My Sunshine Away Summary & Study Guide

M.O. Walsh
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My Sunshine Away Summary & Study Guide Description

My Sunshine Away Summary & Study Guide includes comprehensive information and analysis to help you understand the book. This study guide contains the following sections:

This detailed literature summary also contains Quotes and a Free Quiz on My Sunshine Away by M.O. Walsh.

The following version of My Sunshine Away was used to create this guide: My Sunshine Away. M.O. Walsh. New York: G.P. Putnam's Sons, 2015.

My Sunshine Away by M.O. Walsh is a literary novel that reads like a memoir and incorporates a healthy dose of mystery. The unnamed protagonist and narrator tells the story of his difficult teen years as he struggles to understand love, responsibility and what it means to grow into a good man. Beginning with his admission that he was one of the suspects in the rape of his neighbor, friend and first crush Lindy Simpson and running through to the eventual discovery of the perpetrator 18 years later, the novel is filled with suspense, rich insights and often disturbing revelations about the residents of Piney Creek Road.

The novel begins as the narrator recounts the details of the night Lindy Simpson was raped on a dark stretch of Piney Creek Road within the Woodland Hills community, a suburb of Baton Rouge. He reveals that he was one of the four suspects in the case and asks for the opportunity to explain himself. The narrator's first recollection of watching Lindy was from behind his window shades as she rode her bike down the street. He also recalls a time when he made a picture of Lindy's form out of pieces of bark as he sat watching her work in her front yard. A third revelation is his foray into pornography. Having seen drawings done by a fellow student at school, the narrator became hooked on drawing pictures of Lindy in provocative poses and saying suggestive things. He drew as a way of working out his fixation on her and trying to learn what his sexuality was all about. The narrator then proceeds to provide detailed information on most of the other key residents in the community, including the Kern brothers, the Landry's and Lindy herself.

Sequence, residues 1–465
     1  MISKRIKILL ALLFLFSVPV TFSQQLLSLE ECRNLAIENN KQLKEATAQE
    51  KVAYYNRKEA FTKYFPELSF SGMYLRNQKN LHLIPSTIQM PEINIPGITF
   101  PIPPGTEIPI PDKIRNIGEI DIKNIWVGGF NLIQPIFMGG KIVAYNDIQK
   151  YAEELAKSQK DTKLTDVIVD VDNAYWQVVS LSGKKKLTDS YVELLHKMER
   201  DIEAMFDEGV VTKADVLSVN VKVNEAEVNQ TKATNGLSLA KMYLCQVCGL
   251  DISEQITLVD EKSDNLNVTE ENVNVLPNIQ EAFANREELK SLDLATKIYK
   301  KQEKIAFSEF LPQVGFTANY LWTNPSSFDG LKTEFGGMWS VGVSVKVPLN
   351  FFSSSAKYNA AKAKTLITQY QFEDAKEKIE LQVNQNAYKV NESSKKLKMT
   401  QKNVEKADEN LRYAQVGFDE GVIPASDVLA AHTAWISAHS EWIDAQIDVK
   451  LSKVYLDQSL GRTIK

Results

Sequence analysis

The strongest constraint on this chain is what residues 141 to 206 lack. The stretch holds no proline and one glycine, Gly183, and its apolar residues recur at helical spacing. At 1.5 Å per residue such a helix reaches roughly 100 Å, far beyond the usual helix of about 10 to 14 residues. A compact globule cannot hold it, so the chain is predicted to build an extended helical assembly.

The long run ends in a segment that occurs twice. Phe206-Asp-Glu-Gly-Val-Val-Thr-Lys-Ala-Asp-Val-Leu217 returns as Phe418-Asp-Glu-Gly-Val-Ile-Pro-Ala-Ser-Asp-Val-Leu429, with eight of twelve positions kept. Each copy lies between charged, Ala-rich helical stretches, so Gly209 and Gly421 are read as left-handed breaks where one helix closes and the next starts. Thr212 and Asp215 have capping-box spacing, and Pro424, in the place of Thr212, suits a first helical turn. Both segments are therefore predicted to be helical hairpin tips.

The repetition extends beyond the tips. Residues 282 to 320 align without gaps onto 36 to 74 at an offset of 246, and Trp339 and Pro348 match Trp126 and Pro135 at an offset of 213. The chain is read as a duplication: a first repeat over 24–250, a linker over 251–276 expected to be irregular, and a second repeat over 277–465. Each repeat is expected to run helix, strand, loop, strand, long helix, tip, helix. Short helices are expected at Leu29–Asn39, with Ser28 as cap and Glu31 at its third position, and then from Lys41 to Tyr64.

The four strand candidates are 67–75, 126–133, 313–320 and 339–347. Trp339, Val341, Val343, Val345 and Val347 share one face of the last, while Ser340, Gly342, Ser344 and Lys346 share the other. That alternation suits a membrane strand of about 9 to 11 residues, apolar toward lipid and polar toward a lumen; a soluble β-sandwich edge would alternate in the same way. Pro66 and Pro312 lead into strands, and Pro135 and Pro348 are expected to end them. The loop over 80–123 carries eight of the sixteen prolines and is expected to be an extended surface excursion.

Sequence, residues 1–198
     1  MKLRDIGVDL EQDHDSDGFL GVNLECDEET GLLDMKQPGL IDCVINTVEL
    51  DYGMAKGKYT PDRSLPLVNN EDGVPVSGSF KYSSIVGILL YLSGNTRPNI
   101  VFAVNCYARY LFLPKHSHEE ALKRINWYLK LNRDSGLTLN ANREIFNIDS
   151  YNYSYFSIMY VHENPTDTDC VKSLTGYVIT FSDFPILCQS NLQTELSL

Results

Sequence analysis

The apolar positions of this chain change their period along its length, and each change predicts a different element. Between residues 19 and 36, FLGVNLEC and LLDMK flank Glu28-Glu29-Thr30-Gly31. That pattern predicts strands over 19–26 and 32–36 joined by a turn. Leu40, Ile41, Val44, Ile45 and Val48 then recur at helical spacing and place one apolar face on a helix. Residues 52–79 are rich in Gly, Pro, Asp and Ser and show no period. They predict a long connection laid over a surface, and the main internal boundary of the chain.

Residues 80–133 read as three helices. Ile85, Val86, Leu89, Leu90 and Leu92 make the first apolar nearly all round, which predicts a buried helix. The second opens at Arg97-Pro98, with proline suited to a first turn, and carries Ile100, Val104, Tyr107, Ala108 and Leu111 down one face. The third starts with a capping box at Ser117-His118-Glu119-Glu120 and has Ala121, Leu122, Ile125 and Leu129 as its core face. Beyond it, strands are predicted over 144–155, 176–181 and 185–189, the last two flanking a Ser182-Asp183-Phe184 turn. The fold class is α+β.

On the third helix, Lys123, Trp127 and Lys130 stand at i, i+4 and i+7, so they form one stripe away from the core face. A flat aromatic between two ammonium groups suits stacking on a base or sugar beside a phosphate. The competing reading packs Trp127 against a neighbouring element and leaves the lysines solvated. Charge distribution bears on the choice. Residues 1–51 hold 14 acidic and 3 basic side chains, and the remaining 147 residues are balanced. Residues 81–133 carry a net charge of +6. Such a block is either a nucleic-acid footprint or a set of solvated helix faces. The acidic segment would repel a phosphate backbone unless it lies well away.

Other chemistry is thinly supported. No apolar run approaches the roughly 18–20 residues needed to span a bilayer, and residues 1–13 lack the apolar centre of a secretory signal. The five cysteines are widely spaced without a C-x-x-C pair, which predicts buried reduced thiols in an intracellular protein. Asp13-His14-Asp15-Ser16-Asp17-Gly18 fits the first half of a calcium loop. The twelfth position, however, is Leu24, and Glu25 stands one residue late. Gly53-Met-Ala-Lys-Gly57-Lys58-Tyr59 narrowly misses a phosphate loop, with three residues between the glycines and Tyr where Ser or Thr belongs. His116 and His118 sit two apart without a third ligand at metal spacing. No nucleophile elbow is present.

The Kern brothers were dealt with rather quickly. Duke Kern was the younger of the two and hung out with the group of kids playing in the woods behind the development. He developed a brief and rather secret relationship with Lindy following a game of King and Queen of the Woods that the kids played one day. Perhaps because of this tie, Duke was never considered as a suspect. But his older brother, Bo, was on the list. Bo had a mean temper and a violent personality. He was known to beat up people and smash things for no reason. He worked as a bouncer at a nearby bar and was issued a restraining order by a local college girl. Because of his behavior he is naturally considered a suspect, even by his distraught mother. In a front-yard confrontation between Lindy's father and Bo, he was finally dismissed as a suspect.